Price. Even for an underpowered putt putt it would cost upwards of $30,000 just for the fuel cells.
Cost. No one is willing to pony up the bucks and research talent needed to do the necessary research and development.
Energy. No one is willing to build all the power plants required to create the hydrogen.
Safety. Hydrogen is dangerous stuff.
Engineering. Solving the problems of energy density, brittleness of the container metal over time, efficient creation of hydrogen in mass quantities and distributing it safely and cheaply. Building safe, reliable cars that have enough places to buy fuel and get decent range and cost a decent amount of money.
Economics. Adding hydrogen fuel cells is not a solution to energy problems, any more so than building a factory to make nickel-cadmium batteries. A hydrogen fuel cell is just a really cool, powerful battery. The battery takes more energy to make than it gives up as power. So does the fuel cell.
No. Hydrogen used in fuel cells presents a lower risk than does petrol.
Although hydrogen has large explosive limits, it diffuses rapidly in air.
A spilt mixture of volatile hydrocarbons is potentially very hazardous. It is easy to ignite and does not disperse quickly.
Hydrogen fuel cells are expensive compared to what we have already in vehicles, however hydrogen is a convenient way to store energy produced by power stations.
Safe, portable hydrogen storage for one. It’s being worked on, though. At my job, as a matter of fact. Practical fuel cell powered cars are a few years out.
Fuel cells are being used as stand-by power sources quite a bit right now, mostly at data centers and hospitals, etc.
Cost is coming down pretty quickly. Large corporations (mine included) are being cautious, but they’re keeping their fingers in the pot.
What about this.
It would seem to solve a number of the problems people have mentioned here. No storage of hydrogen and thus no danger of an explosion since you could extract the hydrogen in the car as needed from a tankful of sugar water. And the suger could be made from agricultural waste. It doesn’t solve the problem of the expensiveness of fuel cells but mass production might solve that.
So platinum is not a problem?
What ever happened to storing hydrogen in aerogell?
Expense more than anything. The problems with safety and storage can be overcome. However since the economy is based on oil there is not hurry to switch over to some experimental process. Eventually I’m sure fuel cells will become as affordable as petrol engines, I’m just not sure when eventually is…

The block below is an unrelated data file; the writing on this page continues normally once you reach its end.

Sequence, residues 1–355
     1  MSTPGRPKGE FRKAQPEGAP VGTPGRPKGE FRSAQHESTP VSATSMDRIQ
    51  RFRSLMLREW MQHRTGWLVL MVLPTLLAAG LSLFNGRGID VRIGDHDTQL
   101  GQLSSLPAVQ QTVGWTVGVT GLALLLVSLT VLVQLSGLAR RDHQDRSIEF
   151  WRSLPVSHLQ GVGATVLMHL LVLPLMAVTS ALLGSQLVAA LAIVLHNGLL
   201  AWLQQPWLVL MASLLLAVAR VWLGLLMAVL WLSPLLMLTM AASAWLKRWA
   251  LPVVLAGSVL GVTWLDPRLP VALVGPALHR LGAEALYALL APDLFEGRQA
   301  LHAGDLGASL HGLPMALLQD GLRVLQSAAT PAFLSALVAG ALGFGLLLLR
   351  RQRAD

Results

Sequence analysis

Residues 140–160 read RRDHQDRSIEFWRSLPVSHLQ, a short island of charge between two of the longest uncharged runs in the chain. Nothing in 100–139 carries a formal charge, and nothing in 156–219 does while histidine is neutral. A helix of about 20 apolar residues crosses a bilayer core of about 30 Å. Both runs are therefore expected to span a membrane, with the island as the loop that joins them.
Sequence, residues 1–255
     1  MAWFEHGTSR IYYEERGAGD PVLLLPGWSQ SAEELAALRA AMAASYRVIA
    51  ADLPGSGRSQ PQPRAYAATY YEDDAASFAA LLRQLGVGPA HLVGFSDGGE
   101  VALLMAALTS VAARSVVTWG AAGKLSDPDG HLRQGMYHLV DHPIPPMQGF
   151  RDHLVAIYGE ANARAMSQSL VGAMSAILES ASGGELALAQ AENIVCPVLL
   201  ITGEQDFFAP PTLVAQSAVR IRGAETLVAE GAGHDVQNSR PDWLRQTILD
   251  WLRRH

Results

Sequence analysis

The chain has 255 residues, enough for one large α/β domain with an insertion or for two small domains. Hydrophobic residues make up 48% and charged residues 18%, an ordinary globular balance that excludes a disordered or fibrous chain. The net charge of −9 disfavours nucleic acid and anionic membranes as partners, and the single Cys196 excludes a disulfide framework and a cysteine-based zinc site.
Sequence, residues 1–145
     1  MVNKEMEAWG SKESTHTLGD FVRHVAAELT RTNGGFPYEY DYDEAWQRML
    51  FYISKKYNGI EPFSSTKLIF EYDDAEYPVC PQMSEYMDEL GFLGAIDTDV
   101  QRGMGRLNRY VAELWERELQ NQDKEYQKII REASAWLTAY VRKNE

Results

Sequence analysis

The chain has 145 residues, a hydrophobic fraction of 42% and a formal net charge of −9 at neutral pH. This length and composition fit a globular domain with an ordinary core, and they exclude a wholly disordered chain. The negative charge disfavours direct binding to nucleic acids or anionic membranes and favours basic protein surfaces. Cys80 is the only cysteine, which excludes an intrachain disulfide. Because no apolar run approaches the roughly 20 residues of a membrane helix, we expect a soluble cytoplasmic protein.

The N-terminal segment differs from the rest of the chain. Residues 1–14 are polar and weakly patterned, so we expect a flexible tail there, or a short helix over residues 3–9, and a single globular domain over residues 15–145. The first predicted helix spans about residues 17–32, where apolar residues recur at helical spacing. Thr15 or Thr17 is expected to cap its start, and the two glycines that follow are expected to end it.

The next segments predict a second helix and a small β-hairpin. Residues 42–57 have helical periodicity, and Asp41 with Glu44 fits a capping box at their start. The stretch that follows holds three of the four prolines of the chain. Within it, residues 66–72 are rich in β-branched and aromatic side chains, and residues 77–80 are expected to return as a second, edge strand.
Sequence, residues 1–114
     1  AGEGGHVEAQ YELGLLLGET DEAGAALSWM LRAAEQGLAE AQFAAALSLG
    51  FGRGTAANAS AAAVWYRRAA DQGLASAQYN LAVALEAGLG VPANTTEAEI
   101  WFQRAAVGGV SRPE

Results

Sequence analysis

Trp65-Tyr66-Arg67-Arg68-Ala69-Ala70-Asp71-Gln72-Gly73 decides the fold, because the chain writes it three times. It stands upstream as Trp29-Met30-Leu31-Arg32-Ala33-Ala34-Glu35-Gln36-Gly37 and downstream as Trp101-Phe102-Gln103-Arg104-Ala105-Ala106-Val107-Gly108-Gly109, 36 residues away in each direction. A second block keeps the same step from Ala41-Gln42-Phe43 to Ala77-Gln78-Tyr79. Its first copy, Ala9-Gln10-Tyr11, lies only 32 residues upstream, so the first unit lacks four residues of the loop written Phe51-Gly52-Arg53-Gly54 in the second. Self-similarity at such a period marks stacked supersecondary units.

Here’s an (upcoming) laptop fuel cell that can run a computer 2-3 times as long as a battery, and has just been approved for use on airplanes.
Is platinum a problem? AFAIK it’s currently used in catalytic exhaust converters in practically every car in the US. What’s the problem?
I was once told that fuel cells require an inordinately large amount of it, thus driving the price way up, also, that most engineering efforts are towards cutting down the amount of platinum needed without destroying the efficiency, or life-span, of the cell.
Expensive? The price will drop once there’s sufficient demand.
The only reason I see that is fuel cells are still not very efficient.
If you want to check out a working fuel cell for under $60 check here - http://www.fuelcellstore.com/products/teacher_student/classroom_index.html#basic.
It comes complete with the fuel.
For 12 V upto 2 ams - check here - http://www.fuelcellstore.com/products/index/portable_product_index.html
BTW - I have no affiliation whatsover with that store. Just that I’ve tried out some of their fuel cells and had a good experience.
No, no, that is the problem, I was told. Because it requires a precious metal, no increase in demand will really effect the price. And if you want a cheaper fuel cell you need to use less platinum, which will either make the cell much less efficient, or, cause it to carode and die much quicker then normal.
I think we can expect the market fo fuel cells to skyrocket now. I finally sold my few shares of Ballard Power stock a couple of weeks ago.
I worked for a while as a science writer, and wrote this article attempting to explain the various reasons why they haven’t taken off, without getting too technical. It’s a couple of years old, so some of the tech details might be out of date now.
The vast Stonecutter Conspiracy. :rolleyes:
I haven’t read any of the links yet, but I think a major problem involves chickens and eggs. Or Catch-22. Or whatever you want to call it.
Simply, we don’t have hydrogen-powered cars because there is not enough demand for them. Demand won’t increase until they can be refuelled anywhere, any time, at a reasonable price. No one wants to build an infrastructure to provide nation-wide refueling stations because there are not enough vehicles to support them. In short, there are no refueling stations because there aren’t enough vehicles because there aren’t enough fueling stations.
At least, that’s the way I see it. You could probably make the same point about electric cars. Aside from their short ranges, where do you recharge them? You’re pretty much limited to your home area.
I think what we need is for “national resolve” to reduce our dependence on petroleum. But Americans, being lazy and self-centred, have no reason to resolve to use alternate forms of energy as long as petroleum is relatively cheap.
As far as I’ve learned, safety is not the issue. For some reason people are afraid to be sitting on a tank of hydrogen, but willingly sit on 20 gallons of gasoline without fear. I think it has something to do with the Hindenburg…oh the humanity!
Price and efficiency are the main culprits, although a local company has been installing them on a test basis and plans on marketing them rather soon. Check out http://www.dtetech.com/energynow/portfolio/2_1_1.asp